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Your faculty and staff news since 1965
September 20, 2004
Volume 40, Number 2

Therapy students learn Mexican techniques


By Angela Heisel

Dr. Terry K. Crowe, director of the UNM School of Medicine Occupational Therapy Graduate Program, and Dr. Eliseo “Cheo” Torres, UNM Vice President for Student Affairs, conducted an 11-day UNM course focusing on traditional Mexican medicine in Oaxaca, Mexico this summer.

Ten students with majors in occupational therapy, social work, medicine, Latin American studies, Spanish and anthropology participated in the graduate level work.

The professors and students worked with five Mexican healers both in the capital city of Oaxaca and along the coast. Laurencio Lopez Nunes, a botanist who has been studying medicinal properties of Oaxacan plants was the primary instructor.

The students focused on the healing elements of plants, including making and buying medicinal plants. The students lived with Mexican families and studied Spanish in the mornings, staying in the capital city the first week.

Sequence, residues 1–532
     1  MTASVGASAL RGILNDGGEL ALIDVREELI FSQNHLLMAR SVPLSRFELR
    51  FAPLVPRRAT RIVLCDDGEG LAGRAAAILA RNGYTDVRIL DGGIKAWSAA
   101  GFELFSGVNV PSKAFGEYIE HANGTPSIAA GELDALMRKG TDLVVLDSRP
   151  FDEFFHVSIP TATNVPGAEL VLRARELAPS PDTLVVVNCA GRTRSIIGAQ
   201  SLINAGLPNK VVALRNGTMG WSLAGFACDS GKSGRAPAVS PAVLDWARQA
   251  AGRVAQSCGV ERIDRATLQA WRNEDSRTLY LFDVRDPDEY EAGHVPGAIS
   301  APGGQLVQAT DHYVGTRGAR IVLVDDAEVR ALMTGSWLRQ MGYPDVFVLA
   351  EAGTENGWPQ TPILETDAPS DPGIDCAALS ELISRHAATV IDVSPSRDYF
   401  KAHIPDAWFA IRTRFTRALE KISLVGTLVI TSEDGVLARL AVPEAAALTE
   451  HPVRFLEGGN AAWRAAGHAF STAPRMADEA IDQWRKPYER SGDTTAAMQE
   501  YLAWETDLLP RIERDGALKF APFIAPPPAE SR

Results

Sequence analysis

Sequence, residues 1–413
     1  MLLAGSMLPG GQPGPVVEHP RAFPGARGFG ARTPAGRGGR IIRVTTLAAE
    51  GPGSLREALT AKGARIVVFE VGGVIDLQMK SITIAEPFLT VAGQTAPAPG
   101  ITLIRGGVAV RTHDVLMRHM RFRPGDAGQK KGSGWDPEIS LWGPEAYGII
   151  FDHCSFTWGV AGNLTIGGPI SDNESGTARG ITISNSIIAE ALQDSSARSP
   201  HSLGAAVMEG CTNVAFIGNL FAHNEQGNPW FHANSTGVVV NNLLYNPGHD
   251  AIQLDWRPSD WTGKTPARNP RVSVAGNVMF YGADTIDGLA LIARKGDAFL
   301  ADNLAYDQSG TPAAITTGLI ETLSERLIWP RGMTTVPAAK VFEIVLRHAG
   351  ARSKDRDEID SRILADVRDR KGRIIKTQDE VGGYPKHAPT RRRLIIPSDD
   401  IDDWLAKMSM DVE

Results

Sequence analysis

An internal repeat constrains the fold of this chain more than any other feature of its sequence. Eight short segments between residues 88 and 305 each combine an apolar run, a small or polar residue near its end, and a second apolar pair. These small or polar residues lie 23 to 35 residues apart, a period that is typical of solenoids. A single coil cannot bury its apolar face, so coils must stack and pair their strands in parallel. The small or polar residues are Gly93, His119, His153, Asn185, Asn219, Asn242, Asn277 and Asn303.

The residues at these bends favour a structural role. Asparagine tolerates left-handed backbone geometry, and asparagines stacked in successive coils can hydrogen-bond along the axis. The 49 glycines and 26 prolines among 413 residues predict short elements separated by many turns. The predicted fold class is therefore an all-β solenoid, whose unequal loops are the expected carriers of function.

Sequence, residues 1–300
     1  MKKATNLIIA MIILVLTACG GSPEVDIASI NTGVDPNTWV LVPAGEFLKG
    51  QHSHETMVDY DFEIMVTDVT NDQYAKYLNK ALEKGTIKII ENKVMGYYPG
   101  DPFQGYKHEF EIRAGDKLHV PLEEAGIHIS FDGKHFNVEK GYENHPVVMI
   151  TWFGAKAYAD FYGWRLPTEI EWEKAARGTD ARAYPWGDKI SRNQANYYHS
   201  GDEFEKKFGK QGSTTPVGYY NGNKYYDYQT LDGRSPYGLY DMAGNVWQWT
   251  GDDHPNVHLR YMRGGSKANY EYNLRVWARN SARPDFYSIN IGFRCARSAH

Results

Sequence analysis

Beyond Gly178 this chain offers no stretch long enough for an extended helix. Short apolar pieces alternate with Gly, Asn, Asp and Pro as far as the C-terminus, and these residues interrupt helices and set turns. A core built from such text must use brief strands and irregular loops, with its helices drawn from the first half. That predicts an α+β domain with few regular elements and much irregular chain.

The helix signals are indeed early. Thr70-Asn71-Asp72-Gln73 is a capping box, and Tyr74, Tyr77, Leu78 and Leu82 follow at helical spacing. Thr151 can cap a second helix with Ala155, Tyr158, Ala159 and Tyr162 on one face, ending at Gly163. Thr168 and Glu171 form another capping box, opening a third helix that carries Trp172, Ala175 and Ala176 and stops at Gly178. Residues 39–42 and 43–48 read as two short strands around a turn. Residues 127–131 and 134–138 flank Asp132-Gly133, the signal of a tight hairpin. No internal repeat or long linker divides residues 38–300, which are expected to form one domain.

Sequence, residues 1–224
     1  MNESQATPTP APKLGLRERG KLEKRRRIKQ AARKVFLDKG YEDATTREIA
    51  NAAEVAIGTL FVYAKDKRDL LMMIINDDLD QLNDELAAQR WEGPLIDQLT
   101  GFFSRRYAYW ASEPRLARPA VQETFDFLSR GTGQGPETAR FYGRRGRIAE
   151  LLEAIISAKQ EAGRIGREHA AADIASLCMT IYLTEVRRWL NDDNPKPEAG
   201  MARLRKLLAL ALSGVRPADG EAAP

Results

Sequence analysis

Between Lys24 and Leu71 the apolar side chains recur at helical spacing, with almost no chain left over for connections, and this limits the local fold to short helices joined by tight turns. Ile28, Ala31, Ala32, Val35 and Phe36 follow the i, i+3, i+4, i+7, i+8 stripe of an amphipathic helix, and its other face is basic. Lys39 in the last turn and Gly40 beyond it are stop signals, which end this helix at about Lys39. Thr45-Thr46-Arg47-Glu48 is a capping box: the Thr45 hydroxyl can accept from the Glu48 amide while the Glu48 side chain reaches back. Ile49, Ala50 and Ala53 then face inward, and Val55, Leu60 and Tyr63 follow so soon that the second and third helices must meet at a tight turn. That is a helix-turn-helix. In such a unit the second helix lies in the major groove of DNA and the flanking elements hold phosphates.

“The highlight of the course was participating in a traditional healing ceremony (limpia) and a traditional steam bath in an adobe tezmascal on the Oaxacan coast,” Crowe said. “The course ended at a coffee plantation in the jungle. We studied medicinal plants growing in the jungle, learned how coffee was grown in the shadows of the trees, participated in Mexican family life and learned therapeutic massage techniques.”

According to Crowe, the students and faculty were enriched by this special learning experience. The Mexican healers were extremely generous with their time and knowledge, she said.

As a result of this course, the health professional students will be more sensitive to people’s views of illness health and wellness and choices of intervention.